Running has been talked down even among fitness circles in recent years as the benefits of weight training are becoming more well-known. Whilst I agree that weight training is beneficial, that doesn’t mean running is not as important! Last week I wrote about the enjoyment of trail running. This week I want to introduce running as a general exercise.
Running is one of the most enjoyable ways to exercise especially once you are moderately good at it! When starting out, running can definitely feel hard and not worth it. This blog will outline how to begin running and encourage you to give it a go! This is not an in depth guide to running but will give you some idea of how to begin a running program.
Running has immense benefits to your health. My number one benefit is the endorphin release that is achieved by a good run. There is debate over the reality of the endorphin rush, but I can say with certainty that a good run leaves me feeling amazing!
Other psychological benefits of running are increased cognitive function, memory and production of new brain cells. This is common to all types of exercise but cardiovascular exercise give a greater level of benefit in these areas.
Types of runs
There are a variety of different ways to run. The three most common ways to train when running is steady state, interval and sprints.
Steady state running means running at the same pace for the entire run. This can be of varying effort and distance. The harder you run and the faster your pace, the shorter the distance you will cover before being fatigued. Doing a long slow run is a great recovery exercise and is be great in building your endurance for longer events.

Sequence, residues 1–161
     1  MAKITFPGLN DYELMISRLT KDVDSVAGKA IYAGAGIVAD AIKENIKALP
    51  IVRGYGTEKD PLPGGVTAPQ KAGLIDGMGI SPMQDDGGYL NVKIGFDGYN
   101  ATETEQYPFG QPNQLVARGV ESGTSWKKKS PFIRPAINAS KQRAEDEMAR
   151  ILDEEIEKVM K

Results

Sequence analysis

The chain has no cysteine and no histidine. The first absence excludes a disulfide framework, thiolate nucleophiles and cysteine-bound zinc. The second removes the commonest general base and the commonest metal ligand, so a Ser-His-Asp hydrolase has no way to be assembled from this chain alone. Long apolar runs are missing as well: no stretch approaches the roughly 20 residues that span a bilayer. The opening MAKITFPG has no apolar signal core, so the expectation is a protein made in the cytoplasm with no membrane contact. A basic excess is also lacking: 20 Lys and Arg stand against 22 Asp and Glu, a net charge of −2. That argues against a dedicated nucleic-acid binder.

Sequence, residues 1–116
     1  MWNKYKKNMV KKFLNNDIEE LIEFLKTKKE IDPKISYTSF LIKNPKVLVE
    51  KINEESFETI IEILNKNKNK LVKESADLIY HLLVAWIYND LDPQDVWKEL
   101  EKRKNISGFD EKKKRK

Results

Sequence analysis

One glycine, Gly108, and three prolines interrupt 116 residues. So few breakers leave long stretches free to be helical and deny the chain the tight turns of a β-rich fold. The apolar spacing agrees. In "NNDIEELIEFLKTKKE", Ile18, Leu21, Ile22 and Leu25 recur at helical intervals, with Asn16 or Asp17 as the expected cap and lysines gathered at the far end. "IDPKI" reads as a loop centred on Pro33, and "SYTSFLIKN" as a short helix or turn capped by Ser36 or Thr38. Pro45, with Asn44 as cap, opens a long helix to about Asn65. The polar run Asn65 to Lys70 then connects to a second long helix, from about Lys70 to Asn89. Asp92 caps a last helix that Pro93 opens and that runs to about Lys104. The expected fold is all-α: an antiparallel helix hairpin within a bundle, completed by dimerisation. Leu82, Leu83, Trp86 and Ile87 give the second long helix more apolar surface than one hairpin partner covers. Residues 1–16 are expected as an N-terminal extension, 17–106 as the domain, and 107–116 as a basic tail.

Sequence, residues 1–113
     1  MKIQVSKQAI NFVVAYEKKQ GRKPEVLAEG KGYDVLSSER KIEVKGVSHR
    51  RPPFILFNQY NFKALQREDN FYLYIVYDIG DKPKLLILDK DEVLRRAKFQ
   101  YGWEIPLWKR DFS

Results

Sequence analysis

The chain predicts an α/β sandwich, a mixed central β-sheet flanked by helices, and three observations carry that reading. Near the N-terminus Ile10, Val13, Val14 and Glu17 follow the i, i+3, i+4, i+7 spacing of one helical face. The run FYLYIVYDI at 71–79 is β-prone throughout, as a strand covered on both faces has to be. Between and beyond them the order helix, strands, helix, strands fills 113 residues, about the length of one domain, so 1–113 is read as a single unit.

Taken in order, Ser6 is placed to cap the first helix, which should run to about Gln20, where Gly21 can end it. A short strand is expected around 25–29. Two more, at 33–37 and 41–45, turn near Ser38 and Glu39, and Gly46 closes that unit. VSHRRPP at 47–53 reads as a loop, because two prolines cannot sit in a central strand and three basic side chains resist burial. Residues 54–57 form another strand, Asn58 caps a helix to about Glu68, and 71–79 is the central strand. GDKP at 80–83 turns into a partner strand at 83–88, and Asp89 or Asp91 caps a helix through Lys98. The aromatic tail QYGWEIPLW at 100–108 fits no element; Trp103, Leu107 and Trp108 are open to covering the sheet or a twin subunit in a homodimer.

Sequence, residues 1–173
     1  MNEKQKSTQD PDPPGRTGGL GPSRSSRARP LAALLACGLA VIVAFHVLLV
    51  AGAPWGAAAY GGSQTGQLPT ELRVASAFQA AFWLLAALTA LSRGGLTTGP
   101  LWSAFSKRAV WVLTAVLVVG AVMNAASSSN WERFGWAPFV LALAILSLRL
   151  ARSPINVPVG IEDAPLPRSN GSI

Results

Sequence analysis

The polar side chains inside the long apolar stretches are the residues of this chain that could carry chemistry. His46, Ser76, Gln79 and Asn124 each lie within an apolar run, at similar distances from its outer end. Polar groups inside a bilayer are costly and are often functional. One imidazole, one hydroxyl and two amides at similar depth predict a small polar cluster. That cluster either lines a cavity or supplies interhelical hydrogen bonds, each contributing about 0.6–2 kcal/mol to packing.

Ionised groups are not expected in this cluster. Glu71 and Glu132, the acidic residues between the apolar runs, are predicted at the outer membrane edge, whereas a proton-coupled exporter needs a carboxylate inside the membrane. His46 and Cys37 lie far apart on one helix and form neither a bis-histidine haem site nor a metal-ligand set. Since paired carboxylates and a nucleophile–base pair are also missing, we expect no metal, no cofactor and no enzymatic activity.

This type of running is changing the intensity throughout the workout. As an example, you may run 1 lap of the oval at your absolute fastest then drop down to a slow jog or even a walk for 2 laps and then repeat through it. This type of training is great for working on speed as well as making a short workout strenuous.
Sprints are the hardest and shortest way to run. A true sprint is an all-out maximum effort run. For most people, sprinting longer than 100-200metres is not possible, if it is then you are not sprinting but running fast. The best way to sprint is to do an all-out sprint, rest for a few minutes then repeat it. This way of training helps develop explosive power and like intervals is a great way to get a hard workout in a short time frame.
The most important part about getting started running is to START SLOWLY. We are tempted in fitness endeavors to jump straight in and start going at it. Whilst this mindset is great and I love the motivation, it often leads to injuries, overtraining or mental exhaustion and a reversal of results.
If you are totally sedentary, the first few weeks of your running program should not even be running, it should be walking. If you are very overweight; walking, focusing on improving your diet and performing weight training are better ideas until you lose a bit of weight. You are more than welcome to run if you choose this is just my recommendation.
It is advisable to get checked out by a doctor before beginning any running or fitness program, especially if you have any underlying health issues. The chances are you will be fine to do it but just check if there are any things you should avoid.
Running and walking together